No, this isn’t a critical assessment of Michael Allen’s faith journey, but it is a review of the most recent installment of the New Studies in Dogmatics series being produced by Zondervan. The series approaches the core elements of systematic theology from a Reformed perspective in the tradition of G. C. Berkouwer’s Studies in Dogmatics. Drawing on the catholic heritage of the church and retrieving some of its most profound insights, the authors in the series present the riches of theological thinking to a modern evangelical audience.
Before delving into the details of Allen’s specific volume on sanctification it’s worth spending some time praising the format of this series. The design of both the cover and the contents is top notch. Seeing all of the current volumes stood next to each other is rather satisfying. The pages are laid out in an easily readable font and the author’s notes and references are placed in the footnotes at the bottom of the page. Time and time again I’ve been frustrated by volumes of theology that leave all the references to the end notes, but here the line of thought and the sources are readily available. The indices are exhaustive too with subject, scripture and author indices. All of this is provided in a handy paperback format which makes the series surprisingly affordable.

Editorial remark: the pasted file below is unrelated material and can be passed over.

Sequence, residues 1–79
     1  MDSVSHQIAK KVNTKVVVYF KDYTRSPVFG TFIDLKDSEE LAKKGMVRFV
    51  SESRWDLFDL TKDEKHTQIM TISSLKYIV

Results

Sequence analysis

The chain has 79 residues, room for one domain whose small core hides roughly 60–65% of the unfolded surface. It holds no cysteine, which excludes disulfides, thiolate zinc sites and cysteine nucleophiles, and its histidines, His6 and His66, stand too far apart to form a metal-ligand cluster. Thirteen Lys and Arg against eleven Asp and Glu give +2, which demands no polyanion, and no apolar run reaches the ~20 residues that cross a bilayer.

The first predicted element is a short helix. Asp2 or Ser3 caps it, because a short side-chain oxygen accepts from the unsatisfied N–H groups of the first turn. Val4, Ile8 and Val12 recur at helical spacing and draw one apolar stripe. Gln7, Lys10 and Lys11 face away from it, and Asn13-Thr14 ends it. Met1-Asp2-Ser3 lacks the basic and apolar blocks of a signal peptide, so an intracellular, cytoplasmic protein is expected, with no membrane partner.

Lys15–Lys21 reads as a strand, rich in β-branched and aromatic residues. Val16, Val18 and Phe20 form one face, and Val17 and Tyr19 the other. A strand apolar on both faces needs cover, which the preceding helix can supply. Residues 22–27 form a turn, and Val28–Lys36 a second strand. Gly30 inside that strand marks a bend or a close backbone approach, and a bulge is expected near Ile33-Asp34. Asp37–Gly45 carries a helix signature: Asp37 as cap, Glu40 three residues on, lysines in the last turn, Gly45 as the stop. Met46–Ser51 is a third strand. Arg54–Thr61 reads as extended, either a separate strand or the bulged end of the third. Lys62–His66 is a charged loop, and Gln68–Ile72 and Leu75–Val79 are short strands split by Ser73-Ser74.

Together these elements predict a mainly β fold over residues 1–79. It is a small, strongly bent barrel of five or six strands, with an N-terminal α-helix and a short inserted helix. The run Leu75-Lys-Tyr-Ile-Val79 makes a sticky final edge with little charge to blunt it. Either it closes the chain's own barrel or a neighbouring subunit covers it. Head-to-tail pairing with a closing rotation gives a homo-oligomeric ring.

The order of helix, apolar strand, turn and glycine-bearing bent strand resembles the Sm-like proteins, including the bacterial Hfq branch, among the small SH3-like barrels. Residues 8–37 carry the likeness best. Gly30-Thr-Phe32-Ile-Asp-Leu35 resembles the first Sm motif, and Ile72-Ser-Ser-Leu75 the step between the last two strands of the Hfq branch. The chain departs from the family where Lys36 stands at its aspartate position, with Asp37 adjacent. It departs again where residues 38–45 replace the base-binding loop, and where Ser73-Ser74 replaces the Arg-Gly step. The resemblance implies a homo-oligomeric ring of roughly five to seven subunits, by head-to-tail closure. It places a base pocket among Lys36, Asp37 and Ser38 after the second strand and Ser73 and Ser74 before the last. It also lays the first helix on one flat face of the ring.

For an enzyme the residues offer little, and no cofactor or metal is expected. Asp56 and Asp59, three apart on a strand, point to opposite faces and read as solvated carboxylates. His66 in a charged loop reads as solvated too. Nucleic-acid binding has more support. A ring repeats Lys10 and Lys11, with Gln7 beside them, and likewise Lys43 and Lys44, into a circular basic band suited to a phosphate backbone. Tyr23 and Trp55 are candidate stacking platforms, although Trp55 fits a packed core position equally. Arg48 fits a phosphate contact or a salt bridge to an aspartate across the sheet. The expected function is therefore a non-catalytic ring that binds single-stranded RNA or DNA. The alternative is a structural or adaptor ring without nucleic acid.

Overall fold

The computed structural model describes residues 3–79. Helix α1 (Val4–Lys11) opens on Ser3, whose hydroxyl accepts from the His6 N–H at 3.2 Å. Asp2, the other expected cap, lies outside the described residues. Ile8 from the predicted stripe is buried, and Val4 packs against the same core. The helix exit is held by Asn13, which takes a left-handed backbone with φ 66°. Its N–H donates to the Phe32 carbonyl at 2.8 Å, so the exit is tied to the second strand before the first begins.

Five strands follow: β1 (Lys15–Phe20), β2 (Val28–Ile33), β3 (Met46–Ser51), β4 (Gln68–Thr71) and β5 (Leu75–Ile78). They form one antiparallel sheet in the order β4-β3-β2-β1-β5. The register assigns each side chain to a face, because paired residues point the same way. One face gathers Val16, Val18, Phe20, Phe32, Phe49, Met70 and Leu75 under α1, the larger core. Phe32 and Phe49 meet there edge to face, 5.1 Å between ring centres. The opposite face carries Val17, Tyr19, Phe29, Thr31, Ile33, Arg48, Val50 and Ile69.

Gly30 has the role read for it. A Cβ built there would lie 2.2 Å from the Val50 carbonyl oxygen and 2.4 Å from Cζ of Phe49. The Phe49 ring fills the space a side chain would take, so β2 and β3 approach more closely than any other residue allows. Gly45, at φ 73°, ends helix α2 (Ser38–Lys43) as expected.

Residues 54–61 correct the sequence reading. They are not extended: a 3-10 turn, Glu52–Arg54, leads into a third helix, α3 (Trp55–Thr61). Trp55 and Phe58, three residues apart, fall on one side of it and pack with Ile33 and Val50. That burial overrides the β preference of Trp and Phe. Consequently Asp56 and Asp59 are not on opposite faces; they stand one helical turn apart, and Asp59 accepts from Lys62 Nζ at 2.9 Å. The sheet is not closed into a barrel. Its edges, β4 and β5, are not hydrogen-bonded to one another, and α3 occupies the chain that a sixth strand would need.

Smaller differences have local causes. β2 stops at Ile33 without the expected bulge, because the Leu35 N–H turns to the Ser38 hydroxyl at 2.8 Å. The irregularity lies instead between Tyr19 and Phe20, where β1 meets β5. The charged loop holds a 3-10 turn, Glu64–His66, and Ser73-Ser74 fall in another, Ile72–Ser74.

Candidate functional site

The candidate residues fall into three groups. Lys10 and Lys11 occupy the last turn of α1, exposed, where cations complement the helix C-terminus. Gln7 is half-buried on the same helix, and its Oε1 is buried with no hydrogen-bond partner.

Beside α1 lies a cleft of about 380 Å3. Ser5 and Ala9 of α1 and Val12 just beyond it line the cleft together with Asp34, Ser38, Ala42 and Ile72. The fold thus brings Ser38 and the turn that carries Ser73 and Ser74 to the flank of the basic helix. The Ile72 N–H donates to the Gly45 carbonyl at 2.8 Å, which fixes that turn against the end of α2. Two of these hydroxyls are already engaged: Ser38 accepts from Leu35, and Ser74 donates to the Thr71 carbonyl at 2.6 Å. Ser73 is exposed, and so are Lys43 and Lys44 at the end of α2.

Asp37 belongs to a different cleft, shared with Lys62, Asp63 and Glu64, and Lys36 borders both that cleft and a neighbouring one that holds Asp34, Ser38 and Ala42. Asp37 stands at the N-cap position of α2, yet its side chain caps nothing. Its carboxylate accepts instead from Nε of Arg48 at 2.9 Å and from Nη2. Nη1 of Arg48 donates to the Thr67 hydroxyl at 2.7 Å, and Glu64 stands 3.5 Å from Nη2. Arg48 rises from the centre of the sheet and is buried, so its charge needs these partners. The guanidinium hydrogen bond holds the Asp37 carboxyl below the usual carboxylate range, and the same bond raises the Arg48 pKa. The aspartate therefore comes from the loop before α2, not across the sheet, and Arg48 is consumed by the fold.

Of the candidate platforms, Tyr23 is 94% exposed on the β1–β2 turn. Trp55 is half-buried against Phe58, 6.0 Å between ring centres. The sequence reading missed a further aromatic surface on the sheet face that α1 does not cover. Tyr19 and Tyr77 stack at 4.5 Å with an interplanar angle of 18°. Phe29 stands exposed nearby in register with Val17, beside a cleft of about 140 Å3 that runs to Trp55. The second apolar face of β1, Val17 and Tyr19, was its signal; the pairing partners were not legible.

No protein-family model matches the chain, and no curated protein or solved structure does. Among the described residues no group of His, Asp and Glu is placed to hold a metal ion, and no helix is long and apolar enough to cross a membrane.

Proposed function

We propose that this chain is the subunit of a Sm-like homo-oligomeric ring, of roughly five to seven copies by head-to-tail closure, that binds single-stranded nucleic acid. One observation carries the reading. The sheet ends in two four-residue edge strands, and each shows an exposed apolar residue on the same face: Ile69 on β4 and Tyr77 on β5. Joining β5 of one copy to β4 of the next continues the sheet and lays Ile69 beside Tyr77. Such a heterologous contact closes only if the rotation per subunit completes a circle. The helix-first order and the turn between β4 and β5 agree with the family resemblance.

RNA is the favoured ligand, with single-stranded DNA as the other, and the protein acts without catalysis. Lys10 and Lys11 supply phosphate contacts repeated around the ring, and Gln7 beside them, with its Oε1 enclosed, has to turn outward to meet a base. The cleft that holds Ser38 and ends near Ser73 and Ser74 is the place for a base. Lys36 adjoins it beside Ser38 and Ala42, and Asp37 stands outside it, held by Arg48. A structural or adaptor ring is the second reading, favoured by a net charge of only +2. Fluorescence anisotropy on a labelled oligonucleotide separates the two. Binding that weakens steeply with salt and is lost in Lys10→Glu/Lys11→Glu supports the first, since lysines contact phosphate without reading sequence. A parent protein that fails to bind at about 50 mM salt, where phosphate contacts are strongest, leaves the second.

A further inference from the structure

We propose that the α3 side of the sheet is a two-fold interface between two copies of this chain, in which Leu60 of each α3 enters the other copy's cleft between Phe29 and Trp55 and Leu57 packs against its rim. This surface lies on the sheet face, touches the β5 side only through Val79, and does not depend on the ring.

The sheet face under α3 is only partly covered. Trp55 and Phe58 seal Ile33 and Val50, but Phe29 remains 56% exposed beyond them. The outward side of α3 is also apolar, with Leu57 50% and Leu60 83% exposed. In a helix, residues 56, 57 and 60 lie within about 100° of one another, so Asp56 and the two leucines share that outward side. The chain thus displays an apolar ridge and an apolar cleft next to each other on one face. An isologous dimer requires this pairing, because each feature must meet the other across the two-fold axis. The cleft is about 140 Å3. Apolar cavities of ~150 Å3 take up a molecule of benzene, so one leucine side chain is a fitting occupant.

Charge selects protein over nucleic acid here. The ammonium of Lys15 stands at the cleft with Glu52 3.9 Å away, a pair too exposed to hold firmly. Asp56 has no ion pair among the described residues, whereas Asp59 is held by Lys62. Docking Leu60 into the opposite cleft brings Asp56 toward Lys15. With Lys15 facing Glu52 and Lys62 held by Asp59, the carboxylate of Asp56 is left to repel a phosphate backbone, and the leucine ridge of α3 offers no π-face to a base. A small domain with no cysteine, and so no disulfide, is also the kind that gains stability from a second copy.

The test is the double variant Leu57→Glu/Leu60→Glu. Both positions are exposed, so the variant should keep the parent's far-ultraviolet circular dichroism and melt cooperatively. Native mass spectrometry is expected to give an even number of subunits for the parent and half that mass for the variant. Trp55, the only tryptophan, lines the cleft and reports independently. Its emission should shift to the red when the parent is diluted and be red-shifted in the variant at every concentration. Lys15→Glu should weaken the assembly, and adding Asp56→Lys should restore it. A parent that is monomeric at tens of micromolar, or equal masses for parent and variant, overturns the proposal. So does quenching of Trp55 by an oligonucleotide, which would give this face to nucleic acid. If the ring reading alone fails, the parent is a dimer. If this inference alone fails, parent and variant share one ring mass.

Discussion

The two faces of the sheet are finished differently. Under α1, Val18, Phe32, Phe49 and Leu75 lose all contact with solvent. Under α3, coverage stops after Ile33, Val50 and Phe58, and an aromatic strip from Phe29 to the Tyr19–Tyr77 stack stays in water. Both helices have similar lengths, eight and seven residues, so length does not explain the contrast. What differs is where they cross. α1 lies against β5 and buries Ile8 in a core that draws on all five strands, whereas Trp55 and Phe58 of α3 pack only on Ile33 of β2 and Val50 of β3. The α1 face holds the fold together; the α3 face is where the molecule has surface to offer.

Allen begins the volume by outlining his approach. What Allen is keen to do is to place sanctification canonically. He doesn’t just want to analyse the usual proof texts associated with sanctification but wants to approach the concept of holiness as it is revealed across the whole Bible, if not explicitly then implicitly. As such Allen begins with the doctrine of God, moves through the doctrine of creation, then covenant, eventually reflecting on how our relationship to Jesus impacts the doctrine of sanctification.
As part of this section Allen includes two really excellent chapters on what it means to be ‘in Christ’ and how justification relates to sanctification. What this allows Allen to do is to place the doctrine of sanctification within a broader soteriological context. This is particularly important since Reformed approaches to soteriology are so often caricatured as almost exclusively interested forensic justification. What Allen does so well here is in pointing out how Reformed soteriology is multifaceted and well rounded. I think it paves the way for Michael Horton’s two volume contribution to the series on justification since Allen sets the scene so well and helps us to see the big picture.
The breadth of the study and the depth of the content of Allen’s volume will repay frequent visits. I heartily recommend this volume to anyone interested in systematic and constructive theology in the Reformed tradition. I think that as a result of Allen’s work we’ll be better equipped to understand the Christ focused nature of sanctification. Since, “Sanctification by faith really does involve God’s setting apart your habits, practices, actions, and self. Such transformation springs first and foremost from a renewed sense of reliance, no longer upon self but in the Savior, yet it flows over into vital activity of all sorts.” (286).